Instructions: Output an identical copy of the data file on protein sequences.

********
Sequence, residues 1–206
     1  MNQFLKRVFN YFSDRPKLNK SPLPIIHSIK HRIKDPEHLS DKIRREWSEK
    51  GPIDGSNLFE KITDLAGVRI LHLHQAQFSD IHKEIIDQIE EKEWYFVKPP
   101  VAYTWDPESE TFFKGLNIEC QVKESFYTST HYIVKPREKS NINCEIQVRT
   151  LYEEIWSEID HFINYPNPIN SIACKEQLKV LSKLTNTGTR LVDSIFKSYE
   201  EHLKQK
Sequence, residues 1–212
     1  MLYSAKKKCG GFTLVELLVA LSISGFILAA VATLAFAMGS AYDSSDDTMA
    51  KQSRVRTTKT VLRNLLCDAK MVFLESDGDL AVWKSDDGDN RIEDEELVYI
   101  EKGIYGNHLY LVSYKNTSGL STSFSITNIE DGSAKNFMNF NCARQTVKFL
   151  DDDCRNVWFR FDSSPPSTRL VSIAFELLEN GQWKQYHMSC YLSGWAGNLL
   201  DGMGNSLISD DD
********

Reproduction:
Sequence, residues 1–206
     1  MNQFLKRVFN YFSDRPKLNK SPLPIIHSIK HRIKDPEHLS DKIRREWSEK
    51  GPIDGSNLFE KITDLAGVRI LHLHQAQFSD IHKEIIDQIE EKEWYFVKPP
   101  VAYTWDPESE TFFKGLNIEC QVKESFYTST HYIVKPREKS NINCEIQVRT
   151  LYEEIWSEID HFINYPNPIN SIACKEQLKV LSKLTNTGTR LVDSIFKSYE
   201  EHLKQK
Sequence, residues 1–212
     1  MLYSAKKKCG GFTLVELLVA LSISGFILAA VATLAFAMGS AYDSSDDTMA
    51  KQSRVRTTKT VLRNLLCDAK MVFLESDGDL AVWKSDDGDN RIEDEELVYI
   101  EKGIYGNHLY LVSYKNTSGL STSFSITNIE DGSAKNFMNF NCARQTVKFL
   151  DDDCRNVWFR FDSSPPSTRL VSIAFELLEN GQWKQYHMSC YLSGWAGNLL
   201  DGMGNSLISD DD